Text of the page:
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In the months leading up to the conference, teams compete remotely using provided hardware in an education-focused experience supported by HPC experts. A 48-hour contest held concurrently with SC is the culmination of experience and knowledge gained by the teams in the preceding months.

inclusive & education-focused

IndySCC Schedule
November 2024

indy scc

IndySCC Chair
Layla Freeborn, University of Colorado, Boulder

Informational Webinars

Informational webinars are tailored for SCC/IndySCC participants. Future webinars will be added to the YouTube playlist as they become available.

IndySCC Applications

MAR 1, 2024

Applications Open

MAY 15, 2024

Applications Close

JUN 15, 2024

Notifications Sent

Teams & Process

The IndySCC is a virtual companion competition to the SCC that shares many of the same goals. Each year, far more team applications are received than can possibly be brought to the conference. It takes a significant amount of time and effort to put a team together, so the IndySCC was formed to provide additional opportunities for these teams to apply their hard work, gain experience, and come back stronger the next year and make it into the SCC.

Teams applying to the SCC may indicate they would like to be considered for IndySCC if they are not selected to the SCC. Teams who do not indicate they are interested in the IndySCC will not be considered if not selected for the SCC. Indicating you would like to be considered for the IndySCC is not a guarantee to be selected for the competition.

Teams may also apply directly to the IndySCC, without being considered for the SCC. This serves as a lower bar for entry for teams that may not have existing strong vendor relationships or sufficient funding to travel to the conference, or who are looking to gain a footing in the cluster competition world before applying to the SCC. The goal for teams participating in the IndySCC is that they are able to travel to the conference and compete in the SCC in a later year.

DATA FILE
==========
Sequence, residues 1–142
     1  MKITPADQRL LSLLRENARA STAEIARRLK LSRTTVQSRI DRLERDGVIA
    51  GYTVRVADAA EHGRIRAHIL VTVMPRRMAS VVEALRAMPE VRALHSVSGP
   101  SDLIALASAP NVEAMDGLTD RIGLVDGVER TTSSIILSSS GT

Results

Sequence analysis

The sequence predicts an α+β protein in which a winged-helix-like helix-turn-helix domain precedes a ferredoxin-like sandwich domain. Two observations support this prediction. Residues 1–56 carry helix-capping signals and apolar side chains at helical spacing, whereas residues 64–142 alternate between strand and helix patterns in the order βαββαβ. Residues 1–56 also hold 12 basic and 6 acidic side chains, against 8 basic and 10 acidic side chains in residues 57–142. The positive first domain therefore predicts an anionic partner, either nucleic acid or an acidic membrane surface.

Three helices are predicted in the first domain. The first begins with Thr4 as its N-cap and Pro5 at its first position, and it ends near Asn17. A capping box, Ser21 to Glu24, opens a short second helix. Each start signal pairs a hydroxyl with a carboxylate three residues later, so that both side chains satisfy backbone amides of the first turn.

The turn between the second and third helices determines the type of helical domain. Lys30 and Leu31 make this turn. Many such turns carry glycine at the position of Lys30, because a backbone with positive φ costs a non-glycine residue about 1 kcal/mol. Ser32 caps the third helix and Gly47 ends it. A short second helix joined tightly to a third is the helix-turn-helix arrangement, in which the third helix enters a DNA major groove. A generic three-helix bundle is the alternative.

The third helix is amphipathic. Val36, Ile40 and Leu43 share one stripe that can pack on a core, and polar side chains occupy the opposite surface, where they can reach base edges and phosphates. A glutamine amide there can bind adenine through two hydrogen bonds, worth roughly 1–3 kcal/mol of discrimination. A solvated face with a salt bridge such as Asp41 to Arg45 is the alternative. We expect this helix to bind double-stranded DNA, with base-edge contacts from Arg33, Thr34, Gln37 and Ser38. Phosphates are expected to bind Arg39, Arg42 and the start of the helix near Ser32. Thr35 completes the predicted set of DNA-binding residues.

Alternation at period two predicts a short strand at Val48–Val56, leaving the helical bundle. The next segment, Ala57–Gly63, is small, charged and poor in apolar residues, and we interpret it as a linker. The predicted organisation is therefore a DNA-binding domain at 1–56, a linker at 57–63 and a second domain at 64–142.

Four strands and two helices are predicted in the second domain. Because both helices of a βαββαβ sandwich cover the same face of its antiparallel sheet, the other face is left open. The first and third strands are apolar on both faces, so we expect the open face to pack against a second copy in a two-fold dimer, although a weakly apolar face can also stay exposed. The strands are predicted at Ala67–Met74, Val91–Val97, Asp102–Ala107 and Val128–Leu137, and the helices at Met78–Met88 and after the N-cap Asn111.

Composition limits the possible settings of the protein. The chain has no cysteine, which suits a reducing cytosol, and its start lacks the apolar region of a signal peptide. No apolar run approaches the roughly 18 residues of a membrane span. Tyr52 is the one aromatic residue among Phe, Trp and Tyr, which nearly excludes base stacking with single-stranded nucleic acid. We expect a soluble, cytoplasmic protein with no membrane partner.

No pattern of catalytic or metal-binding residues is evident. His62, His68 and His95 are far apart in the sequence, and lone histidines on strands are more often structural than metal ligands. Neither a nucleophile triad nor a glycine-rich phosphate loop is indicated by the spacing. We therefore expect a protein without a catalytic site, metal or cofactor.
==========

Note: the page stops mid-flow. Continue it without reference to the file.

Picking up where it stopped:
The IndySCC is intended for less experienced teams, and final selections will be made considering the strength of the application, motivations as they relate to the goals of IndySCC, and the team’s level of experience with prior cluster competitions.

Selected teams are invited to participate in a remote competition from late summer to November:

  • Phase 1/Late Summer: Familiarizing with the provided resources and learning about the virtual platform
  • Phase 2/August: Learn how to run and optimize industry standard benchmarks and the provided architecture
  • Phase 3/September & October: Real-world applications, the science behind them, and optimizing them for performance
  • Phase 4/November: A 48-hour contest similar to and held prior to the SCC

Application details

Students, with the guidance of their advisor, will craft a proposal that describes their team, their approach to the competition, and what they hope to get out of the experience. This proposal is submitted as a team application for review by the SCC committee. The application consists of several prompts detailed below.